What is a Tornado?

Have you ever heard of tornadoes? A tornado is one of the most impressive and dangerous weather events, it’s the most powerful thing that can occur during a thunderstorm.

What’s a tornado?

A tornado is a a violently rotating column of air, pendant from a cumulonimbus cloud, the typical cloud of thunderstorms. Tornadoes are often visible as a funnel cloud, but not always. The column of air is rotating counterclockwise in the northern hemisphere and clockwise south of the equator.

During thunderstorms the clouds can grow upwards, higher and higher, into the atmosphere until they reach the tropopause at 18,000 metres (59,000 ft). During this events gusts, heavy rain, lightnings and tornadoes can occur. In the center of the tornado the air pressure is very different from the air pressure outside the tornado: this is why strong winds go from the ouside-in the tornado at high speed. Winds can blow over 65 mph up to 200 mph!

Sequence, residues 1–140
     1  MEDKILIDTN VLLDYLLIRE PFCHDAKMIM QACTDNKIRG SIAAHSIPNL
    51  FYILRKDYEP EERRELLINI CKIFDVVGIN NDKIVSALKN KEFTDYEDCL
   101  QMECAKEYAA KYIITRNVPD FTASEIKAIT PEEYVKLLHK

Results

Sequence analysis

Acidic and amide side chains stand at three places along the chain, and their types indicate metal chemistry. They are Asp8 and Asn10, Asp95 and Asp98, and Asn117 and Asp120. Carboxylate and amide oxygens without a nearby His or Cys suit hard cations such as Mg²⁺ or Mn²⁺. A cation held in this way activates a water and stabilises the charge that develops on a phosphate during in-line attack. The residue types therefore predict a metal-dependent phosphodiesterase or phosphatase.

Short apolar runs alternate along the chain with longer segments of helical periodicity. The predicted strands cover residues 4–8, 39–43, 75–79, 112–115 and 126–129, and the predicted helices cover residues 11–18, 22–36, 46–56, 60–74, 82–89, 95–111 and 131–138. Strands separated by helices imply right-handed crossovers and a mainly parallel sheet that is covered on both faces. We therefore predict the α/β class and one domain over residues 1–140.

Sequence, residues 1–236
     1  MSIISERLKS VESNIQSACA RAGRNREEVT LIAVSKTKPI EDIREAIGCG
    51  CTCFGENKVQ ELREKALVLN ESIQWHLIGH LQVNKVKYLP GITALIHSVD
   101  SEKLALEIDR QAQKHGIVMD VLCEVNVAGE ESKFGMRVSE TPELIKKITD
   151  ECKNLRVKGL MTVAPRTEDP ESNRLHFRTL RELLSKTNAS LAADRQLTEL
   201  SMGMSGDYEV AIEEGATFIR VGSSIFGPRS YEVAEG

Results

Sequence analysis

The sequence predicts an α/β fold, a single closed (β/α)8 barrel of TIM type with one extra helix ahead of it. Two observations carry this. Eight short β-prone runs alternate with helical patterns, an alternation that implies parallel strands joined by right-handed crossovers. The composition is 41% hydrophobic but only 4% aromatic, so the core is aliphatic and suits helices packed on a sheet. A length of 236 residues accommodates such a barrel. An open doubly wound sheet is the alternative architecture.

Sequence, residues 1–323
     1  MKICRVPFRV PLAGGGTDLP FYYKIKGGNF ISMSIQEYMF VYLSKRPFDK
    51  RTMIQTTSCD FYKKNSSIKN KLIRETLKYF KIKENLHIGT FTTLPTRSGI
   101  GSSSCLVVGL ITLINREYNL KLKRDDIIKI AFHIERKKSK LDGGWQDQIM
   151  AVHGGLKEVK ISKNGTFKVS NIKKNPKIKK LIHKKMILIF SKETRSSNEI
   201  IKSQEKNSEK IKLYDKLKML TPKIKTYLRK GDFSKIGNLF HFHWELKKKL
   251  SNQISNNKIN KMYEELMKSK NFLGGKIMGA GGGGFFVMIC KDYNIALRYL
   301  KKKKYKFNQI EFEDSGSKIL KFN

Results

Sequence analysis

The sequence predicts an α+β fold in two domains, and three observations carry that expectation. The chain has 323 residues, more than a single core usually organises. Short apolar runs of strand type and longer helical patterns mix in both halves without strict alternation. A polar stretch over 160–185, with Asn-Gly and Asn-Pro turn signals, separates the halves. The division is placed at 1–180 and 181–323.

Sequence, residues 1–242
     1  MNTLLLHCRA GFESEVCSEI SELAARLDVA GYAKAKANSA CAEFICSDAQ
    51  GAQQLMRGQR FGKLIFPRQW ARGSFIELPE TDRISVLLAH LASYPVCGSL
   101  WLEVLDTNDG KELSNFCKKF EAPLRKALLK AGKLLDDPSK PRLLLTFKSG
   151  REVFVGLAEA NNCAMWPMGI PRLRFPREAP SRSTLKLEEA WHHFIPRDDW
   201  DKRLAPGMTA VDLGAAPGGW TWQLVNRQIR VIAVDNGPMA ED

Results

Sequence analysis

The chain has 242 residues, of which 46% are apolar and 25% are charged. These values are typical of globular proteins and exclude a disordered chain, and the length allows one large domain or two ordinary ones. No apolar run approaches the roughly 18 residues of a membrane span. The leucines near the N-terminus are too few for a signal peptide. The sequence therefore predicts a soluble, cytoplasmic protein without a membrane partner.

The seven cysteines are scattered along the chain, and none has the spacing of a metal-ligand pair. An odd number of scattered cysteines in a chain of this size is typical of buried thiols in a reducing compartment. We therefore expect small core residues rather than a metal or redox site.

Diagram of a thunderstorm with a tornado – Credits: NOAA


How can we measure the intensity of tornadoes?

Measuring the wind’s speed is very difficult and extremely dangerous. This is why Professor Fujita came up, in 1971, with the Fujita Scale, a particular scale that goes from F0 to F5 that estimate the wind strenght based on the damage made by a tornado. In 2007 this scale was perfected and now it’s called the Enhanced Fujita Scale. Its uses three-second gusts estimated at the point of damage. A tornado EF0 has gusts that blow up to 65-85 mph; an EF1 up to 110 mph; EF2 up to 135 mph; EF3 up to 165 mph; EF4 up to 200 mph; EF5 over 200 mph.